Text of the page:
Scientists in South Africa have started testing a new HIV vaccine called “HVTN 702″ as part of a new study that aims to test whether it can safely prevent infections among South African adults. According to Live Science, the study, which is being funded by the National Institutes of Health (NIH) and expected to run until 2020, will enroll about 5,400 sexually active men and women between the ages of 18 and 35 who do not have HIV.
“If deployed alongside our current armory of proven HIV-prevention tools, a safe and effective vaccine could be the final nail in the coffin for HIV,” the director of the NIH’s National Institute of Allergy and Infectious Diseases, Dr. Anthony Fauci, said in a statement.
“Even a moderately effective vaccine would significantly decrease the burden of HIV disease over time in countries and populations with high rates of HIV infection.”
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The new vaccine is a modified version of the trial tried in Thailand between 2003 and 2009, and scientists hope it will be able to protect against a sub-type of the virus known as the HIV sub-type C, which is very common in South Africa.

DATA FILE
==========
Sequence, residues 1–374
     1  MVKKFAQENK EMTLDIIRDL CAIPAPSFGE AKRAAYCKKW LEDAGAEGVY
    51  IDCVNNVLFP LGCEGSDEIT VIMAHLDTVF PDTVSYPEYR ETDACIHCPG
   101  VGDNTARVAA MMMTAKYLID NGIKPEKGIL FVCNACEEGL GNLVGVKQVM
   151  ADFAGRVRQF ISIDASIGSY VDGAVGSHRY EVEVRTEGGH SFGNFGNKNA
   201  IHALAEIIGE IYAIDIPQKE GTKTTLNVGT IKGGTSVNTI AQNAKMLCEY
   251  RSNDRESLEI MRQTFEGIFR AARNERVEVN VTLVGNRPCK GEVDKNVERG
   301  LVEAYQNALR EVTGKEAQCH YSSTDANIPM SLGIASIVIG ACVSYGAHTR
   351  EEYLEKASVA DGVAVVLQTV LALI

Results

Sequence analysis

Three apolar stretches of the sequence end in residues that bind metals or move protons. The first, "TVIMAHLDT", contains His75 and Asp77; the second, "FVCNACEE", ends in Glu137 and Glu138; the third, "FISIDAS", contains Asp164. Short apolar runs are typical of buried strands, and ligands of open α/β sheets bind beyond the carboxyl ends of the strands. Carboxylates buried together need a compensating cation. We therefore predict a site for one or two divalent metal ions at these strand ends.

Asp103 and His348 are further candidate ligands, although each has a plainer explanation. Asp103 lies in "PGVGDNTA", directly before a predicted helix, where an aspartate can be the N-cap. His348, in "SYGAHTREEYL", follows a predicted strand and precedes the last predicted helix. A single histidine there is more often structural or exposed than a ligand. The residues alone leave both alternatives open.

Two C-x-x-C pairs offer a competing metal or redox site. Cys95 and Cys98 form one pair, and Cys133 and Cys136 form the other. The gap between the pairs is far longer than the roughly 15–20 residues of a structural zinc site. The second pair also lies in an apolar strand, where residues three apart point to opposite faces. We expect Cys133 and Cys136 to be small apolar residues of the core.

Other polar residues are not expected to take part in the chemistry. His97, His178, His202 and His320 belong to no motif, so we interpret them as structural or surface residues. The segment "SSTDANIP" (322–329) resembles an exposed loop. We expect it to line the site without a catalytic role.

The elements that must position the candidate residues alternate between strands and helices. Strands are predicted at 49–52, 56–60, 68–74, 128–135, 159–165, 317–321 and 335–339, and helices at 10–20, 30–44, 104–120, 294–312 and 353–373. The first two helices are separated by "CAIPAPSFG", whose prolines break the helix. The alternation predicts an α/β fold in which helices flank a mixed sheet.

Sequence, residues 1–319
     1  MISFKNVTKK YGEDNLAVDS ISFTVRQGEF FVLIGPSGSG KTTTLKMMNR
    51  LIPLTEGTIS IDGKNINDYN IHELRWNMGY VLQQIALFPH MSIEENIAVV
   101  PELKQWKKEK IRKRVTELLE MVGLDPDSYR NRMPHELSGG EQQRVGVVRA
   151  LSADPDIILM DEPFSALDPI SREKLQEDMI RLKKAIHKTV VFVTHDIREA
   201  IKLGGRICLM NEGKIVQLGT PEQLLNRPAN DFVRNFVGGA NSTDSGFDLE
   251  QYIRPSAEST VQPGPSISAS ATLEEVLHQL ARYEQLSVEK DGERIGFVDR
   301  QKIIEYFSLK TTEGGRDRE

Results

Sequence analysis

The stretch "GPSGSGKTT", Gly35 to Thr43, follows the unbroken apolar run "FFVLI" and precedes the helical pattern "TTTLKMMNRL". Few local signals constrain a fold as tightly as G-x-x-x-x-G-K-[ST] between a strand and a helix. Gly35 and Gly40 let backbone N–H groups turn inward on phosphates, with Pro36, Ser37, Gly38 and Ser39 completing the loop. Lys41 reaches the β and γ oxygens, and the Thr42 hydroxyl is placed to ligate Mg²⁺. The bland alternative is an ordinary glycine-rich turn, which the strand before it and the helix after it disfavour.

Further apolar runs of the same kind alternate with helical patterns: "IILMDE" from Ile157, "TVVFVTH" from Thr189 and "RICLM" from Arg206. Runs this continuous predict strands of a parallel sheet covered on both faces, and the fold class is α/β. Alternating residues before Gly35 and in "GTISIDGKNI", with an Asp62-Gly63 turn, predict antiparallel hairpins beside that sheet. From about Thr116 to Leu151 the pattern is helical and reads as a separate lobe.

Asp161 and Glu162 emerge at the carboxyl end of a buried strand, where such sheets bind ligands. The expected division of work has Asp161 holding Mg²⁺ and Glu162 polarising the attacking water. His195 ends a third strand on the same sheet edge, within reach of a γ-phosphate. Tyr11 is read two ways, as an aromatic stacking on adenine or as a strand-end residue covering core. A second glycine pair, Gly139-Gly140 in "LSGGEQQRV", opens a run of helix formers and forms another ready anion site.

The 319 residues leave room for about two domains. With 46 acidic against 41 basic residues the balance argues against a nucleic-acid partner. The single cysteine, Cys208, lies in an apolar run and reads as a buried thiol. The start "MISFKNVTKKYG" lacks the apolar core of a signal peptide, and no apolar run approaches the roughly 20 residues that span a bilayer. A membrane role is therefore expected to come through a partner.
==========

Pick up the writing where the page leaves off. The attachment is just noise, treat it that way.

To make it more effective than the previous trial, scientists are using a protein sub-unit vaccine that contains a different adjuvant (an ingredient added to a vaccine to boost its effects).
The study will also include a booster shot, which will be admitted after one year to prolong the protective effect.
HIV Pandemic in South Africa
South Africa has the highest population of HIV victims in the world, with about 7 million people living with the virus as of 2015.
New HIV infections in the country stood at 380,000, while 180,000 South Africans died from AIDS last year.
The country also has the largest antiretroviral treatment program globally, which has mostly been financed by its public coffers.
Despite ongoing efforts by the government to address the HIV pandemic, the virus’s prevalence is still significantly high, with recent studies showing that it affects 19.2 percent of the general population.